- The Washington Times - Saturday, March 25, 2006

What is green and red, includes a photograph, is needed only by illegal aliens and is issued here in the U.S. — by a foreign government?

No idea? A hint — it’s a photo ID card.

More clues.

What is printed in Spanish, is deemed to be a “criminal threat” and a “potential terror threat” to the U.S. by the FBI Office of Intelligence — but is accepted by many American banks and local and state governments?

More?

What has been labeled as an “unreliable form of identification” by the U.S. Department of Justice, but can be used to board an airplane in America… amidst a War on Terror? (www.fbi.gov/congress/congress03/mccraw062603.htm)

Give up?

It’s a Mexican “matricula consular” photo identification card.

Don’t feel bad if you didn’t know the answer: Most Americans haven’t a clue what a matricula consular is either. That is not an accident.

A brief history and some insight into the little-known Mexican government issued matricula consular:

On Aug. 29, 2001, in a speech to both Houses of the U.S. Congress, Mexico’s President Vicente Fox said the Mexicans illegally present in the U.S. at the time were “entitled to legalized status” and later demanded that President Bush “solve the problem before the year ends”.

Even before the horror of September 11, 2001, vocal public opinion worked against the impending amnesty — er, “guest-worker” — proposal for millions of illegal aliens already here.

Following September 11, and because of the resulting now obvious Homeland Security issues, the plan to repeat the “one-time amnesty” of 1986 and “legalize” the millions of illegal aliens in the U.S. was taken off the table.

Several other things however, did not change.

Here, the unrelenting demand from “willing employers” for taxpayer subsidized labor continued — as did the craving of American banks for the highly profitable business of the enormous illegal alien market.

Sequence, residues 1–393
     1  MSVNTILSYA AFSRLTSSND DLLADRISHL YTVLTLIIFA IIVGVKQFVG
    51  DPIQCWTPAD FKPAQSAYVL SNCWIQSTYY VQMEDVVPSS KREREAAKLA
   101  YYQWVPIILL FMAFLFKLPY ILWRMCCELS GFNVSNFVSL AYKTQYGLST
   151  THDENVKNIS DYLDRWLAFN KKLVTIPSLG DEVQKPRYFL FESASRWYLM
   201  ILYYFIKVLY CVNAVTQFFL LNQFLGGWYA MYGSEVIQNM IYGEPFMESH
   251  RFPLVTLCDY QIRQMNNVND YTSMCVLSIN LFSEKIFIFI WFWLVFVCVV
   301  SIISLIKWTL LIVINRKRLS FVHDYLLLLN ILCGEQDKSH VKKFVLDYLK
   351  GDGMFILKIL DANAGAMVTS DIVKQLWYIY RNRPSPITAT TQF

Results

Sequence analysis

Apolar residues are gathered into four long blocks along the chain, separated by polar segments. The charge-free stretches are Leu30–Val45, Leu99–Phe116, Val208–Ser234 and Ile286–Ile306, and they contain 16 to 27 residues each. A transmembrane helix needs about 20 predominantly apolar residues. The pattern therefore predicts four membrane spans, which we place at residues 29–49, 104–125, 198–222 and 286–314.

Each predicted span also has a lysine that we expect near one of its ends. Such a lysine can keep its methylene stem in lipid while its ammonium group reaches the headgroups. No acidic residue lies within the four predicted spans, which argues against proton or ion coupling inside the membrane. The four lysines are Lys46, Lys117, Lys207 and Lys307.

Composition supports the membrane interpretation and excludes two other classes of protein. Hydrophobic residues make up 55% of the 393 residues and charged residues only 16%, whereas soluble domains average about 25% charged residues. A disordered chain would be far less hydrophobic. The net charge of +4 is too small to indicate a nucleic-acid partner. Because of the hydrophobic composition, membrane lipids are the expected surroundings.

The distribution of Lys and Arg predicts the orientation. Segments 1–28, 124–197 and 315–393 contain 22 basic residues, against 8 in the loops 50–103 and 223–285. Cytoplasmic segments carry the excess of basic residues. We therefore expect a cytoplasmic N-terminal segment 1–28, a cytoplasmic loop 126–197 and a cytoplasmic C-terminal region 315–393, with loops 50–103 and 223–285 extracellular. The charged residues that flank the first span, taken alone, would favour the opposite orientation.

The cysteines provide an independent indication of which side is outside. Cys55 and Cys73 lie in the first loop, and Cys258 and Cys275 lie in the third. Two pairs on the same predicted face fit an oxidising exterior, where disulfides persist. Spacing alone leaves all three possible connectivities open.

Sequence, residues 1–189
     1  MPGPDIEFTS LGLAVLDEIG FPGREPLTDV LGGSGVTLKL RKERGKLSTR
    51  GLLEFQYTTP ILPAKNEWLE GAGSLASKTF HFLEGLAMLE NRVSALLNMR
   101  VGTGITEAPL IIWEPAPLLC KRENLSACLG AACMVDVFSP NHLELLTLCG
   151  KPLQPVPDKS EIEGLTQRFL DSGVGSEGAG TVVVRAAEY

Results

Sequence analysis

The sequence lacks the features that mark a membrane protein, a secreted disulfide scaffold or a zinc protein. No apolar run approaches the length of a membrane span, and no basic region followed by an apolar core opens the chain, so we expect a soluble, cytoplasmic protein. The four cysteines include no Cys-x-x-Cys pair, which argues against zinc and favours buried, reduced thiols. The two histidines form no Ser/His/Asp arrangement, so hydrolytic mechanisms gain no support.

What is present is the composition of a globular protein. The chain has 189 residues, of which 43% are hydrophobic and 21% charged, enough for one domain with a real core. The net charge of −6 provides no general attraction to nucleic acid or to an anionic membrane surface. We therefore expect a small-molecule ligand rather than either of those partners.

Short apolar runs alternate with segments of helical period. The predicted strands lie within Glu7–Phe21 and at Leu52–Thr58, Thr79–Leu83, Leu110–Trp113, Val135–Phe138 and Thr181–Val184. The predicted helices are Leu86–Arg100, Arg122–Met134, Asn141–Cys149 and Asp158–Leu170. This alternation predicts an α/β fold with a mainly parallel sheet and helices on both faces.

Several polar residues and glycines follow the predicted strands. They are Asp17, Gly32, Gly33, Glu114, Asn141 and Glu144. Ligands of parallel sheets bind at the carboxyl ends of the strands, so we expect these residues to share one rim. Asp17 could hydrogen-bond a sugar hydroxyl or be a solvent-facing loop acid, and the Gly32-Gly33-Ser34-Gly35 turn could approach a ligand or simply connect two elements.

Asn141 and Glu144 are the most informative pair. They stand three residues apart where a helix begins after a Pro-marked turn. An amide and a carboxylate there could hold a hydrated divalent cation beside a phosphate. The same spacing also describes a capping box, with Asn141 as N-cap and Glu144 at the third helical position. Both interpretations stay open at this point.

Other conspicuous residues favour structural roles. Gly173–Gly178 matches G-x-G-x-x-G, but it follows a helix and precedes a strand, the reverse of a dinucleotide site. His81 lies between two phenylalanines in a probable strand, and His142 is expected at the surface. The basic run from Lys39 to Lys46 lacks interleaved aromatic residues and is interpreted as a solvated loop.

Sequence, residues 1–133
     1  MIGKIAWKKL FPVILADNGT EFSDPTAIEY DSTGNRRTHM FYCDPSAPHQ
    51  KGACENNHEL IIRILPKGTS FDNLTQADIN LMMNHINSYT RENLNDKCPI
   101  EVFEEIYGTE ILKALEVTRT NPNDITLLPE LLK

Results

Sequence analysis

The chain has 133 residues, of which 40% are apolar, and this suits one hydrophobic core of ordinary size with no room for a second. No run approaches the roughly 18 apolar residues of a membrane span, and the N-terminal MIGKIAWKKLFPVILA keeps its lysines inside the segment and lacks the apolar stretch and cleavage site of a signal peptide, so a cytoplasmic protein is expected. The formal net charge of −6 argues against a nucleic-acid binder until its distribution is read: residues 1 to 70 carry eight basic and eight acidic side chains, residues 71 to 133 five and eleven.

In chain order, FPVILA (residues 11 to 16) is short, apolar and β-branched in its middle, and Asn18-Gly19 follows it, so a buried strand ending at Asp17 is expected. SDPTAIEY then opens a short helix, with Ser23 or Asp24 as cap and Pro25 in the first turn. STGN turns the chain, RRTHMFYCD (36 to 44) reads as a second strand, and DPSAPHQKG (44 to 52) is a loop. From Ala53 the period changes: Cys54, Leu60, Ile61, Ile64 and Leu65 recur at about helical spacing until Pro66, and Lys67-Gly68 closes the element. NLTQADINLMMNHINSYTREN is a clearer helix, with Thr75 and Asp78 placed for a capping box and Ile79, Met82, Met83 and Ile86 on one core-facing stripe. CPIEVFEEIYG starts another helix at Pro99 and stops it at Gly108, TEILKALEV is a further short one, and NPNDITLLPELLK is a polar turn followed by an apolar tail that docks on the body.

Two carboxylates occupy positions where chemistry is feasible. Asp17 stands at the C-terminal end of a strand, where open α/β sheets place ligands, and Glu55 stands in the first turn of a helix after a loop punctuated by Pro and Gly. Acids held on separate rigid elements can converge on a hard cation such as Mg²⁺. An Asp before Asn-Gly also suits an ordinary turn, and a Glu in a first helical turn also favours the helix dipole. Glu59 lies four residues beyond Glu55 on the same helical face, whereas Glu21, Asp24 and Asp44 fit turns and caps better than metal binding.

In Mexico, the demand for the billions of U. S. dollars sent home by the “migrants” — “remittances” (more than $16 billion in 2004, an estimated $20 billion last year) — also remained unchanged. Remittances are now the single largest source of revenue for Mexico — larger than Pemex, the state-owned oil company, and foreign investment and tourism.

Real, legal immigrants who have entered the United States according to U.S. law have a valid visa, a passport and access to a little detail called “Lawful Permanent Residency” (a Green Card). All serve as valid and authentic identification. Illegal aliens have none of these.

Shortly after September 11, Mexico began what the Center for Immigration Studies’ Marti Dinerstein describes as an “aggressive grass-roots lobbying campaign to win acceptance for [the matricula consular] at the local and state level, especially in areas where large numbers of Mexicans resided.”

Like my home of Georgia, which I have taken to calling “Georgiafornia.”

The Mexican government, American business and the powerful open borders/illegal alien lobby (sorry, I repeat myself) are quick to point out possession of the matricula consular does not reflect immigration status. Indeed.

Make no mistake, issuing — and accepting — the matricula consular encourages and accommodates illegal immigration.

Illegal immigration has actually increased since September 11, 2001. Feel safer?

The campaign has been wildly successful — and profitable. According to the Mexico City newspaper El Universal, as of January of last year, 4.5 million Mexicans had these ID cards, and this form of identification is accepted in 386 cities, 164 counties and 338 financial institutions in our republic.

What should logically represent probable cause instead becomes instant documentation and “stealth amnesty” for the previously “undocumented migrants.”

Mexico’s stated goal was to have issued 6 million matriculas by the end of last year. The office of the Mexican Consul General here in Atlanta boasts it issued 40,000 matriculas last year.

Because of it is easily forged and lacks security — not to mention fingerprinting — the Mexican ID is not accepted by most banks in Mexico and may not be used to obtain the federally issued Mexican photo voter ID or a state-issued Mexican driver’s license. American police report it is not uncommon to come across people in possession of multiple matricula consulars… all with different names.

Blockbuster Video does not accept the matricula consular to open an account to rent a DVD.

Ten states in the U.S. do accept the matricula as valid ID to issue an American driver’s license… thereby eliminating the need for the matricula.

Handy… si?

How secure is the Mexican matricula consular? Ask to see one of mine. Why is it accepted in the United States? Follow the money.

D.A. KING

Columnist

Marietta (Ga.) Daily Journal

President of The Dustin Inman Society, a Georgia-based coalition of citizens with the goal of educating the public on the consequences of illegal immigration.

On the Web: www.TheDustinInmanSociety.org

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